"Instead of using subtitles or having characters speak in King James
English, characters in “Son of God” use a more contemporary
vernacular. While this is clearly meant to make the language and teachings more
accessible, a certain poetic quality is lost."LOL. I'm
sure Jesus and his followers all spoke perfect "King James English" when
they were running around doing their doings.
Ranch,Yes, and Jesus kept that King James English "accent"
when he appeared to and taught the ancient Nephites, as well as when he appeared
to and instructed Joseph Smith!Isn't that remarkable.
When Heavenly Father proclaimed, "This is My Beloved Son" to the
Nephites, they did not at first understand the words. Could they have been
delivered in the language of heaven? The Nephites would have written them down
in their current language, and they were translated by Joseph Smith using King
James Version language he was familiar with.
@ Ranch:I've read many of your past comments and thus seen your
contrite attitude on anything related to religion. As such, I'm certain you
missed the main premise of this movie review as well as the primary purpose of
the film itself. To complain about such a trivial element of the
film is to attenuate it's overall importance and seems rather juvenile.
Most of us are well aware that Hebrew was spoken then and there. But most of us
don't speak that language. The point about using King James
English is that it does have a certain regal poetic pose to it. And it's
the written context wherein most English speaking people have learned and become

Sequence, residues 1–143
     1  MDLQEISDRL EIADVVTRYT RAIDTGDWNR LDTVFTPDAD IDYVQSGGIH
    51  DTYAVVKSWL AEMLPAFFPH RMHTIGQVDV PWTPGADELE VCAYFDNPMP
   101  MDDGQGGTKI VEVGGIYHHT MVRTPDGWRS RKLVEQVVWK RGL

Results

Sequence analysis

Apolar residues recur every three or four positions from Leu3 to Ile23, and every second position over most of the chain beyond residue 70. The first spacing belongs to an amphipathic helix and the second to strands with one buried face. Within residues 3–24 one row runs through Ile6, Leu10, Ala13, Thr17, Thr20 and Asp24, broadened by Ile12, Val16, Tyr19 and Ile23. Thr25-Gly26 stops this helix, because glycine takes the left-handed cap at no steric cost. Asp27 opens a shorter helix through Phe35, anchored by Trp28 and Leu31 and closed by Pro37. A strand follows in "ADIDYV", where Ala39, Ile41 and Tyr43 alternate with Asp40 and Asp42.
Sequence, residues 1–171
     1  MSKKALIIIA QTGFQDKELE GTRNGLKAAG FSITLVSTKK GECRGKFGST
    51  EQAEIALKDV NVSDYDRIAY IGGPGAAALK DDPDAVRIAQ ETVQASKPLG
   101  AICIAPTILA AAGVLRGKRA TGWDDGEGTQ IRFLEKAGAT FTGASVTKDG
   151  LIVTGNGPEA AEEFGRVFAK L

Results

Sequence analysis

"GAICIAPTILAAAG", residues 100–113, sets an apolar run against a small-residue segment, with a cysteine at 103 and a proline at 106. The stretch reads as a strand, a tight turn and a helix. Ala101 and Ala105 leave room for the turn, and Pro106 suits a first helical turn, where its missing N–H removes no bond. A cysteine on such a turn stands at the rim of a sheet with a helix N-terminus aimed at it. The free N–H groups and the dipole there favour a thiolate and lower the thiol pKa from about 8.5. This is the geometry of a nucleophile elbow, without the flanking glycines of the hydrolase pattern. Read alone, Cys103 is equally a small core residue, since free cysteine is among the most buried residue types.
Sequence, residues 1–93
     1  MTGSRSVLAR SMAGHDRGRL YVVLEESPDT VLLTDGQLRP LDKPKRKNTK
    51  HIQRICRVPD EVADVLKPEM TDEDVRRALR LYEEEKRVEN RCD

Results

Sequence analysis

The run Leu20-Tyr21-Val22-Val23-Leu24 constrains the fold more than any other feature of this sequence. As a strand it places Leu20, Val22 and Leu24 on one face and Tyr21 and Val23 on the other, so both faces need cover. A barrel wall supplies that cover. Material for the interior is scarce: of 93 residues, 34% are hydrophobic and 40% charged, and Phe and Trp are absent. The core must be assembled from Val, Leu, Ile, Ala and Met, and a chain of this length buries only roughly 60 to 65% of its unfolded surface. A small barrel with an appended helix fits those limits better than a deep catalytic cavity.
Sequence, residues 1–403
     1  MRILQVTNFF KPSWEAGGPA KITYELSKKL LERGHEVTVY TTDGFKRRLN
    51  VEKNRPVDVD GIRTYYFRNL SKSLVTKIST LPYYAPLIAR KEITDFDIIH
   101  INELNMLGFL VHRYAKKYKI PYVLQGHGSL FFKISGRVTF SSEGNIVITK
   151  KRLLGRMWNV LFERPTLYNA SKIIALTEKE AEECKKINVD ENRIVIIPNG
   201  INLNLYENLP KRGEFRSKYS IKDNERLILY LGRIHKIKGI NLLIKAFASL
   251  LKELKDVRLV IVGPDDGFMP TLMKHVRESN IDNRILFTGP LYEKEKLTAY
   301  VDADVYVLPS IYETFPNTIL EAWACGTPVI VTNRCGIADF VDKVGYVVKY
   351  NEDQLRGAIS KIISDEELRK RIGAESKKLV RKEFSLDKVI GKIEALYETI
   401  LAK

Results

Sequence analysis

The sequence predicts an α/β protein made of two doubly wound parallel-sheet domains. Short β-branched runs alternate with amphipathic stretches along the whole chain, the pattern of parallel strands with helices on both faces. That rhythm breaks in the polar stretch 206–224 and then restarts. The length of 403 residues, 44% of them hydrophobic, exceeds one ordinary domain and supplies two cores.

familiar with the Bible... the King James version. I for one
would've very much enjoyed hearing that particular vernacular when seeing
@Copacetic: While I generally agree with your sentiments, I feel duty-bound to
point out a couple of errors that attenuate the effect of your argument. First,
"Ranch" is anything but contrite. He is cynical, snide, and maybe
arrogant, but certainly not contrite. Second, the language Jesus spoke is
thought to be Aramaic, a close relative of Hebrew, but not Hebrew as it is
spoken today. Finally "it's importance" should be "its
importance." As for most English-speaking people today having become
familiar with the Bible in King James English, I'm not sure. There are
many different versions these days, and the only place I consistently hear the
King James version is in the LDS Church. When I have visited other Christian
churches or heard their representatives speak at events, they have employed a
modern translation. I love the KJV and think it's sad that it's not
as popular as it once was, but it isn't.
"Vulnerable on interpretation" is just about the entire premise of
religion. Everyone claims absolute truth yet it seems a slippery and entirely
subjective commodity. And the chap in the photo just doesn't look like I
would imagine a bronze age Palestinian looked like.
@ hutteriteI'd be willing to be that you don't look
anything like I imagine that you look like. I don't see what difference
that makes. His mother was from that area, but his Father wasn't.
I will pass on this one. I watched much of the TV series it was taken from,
and feel I have seen the movie. I am not a fan of most movies where Jesus looks
like a Hollywood super star, I like it to be a little more believable. Just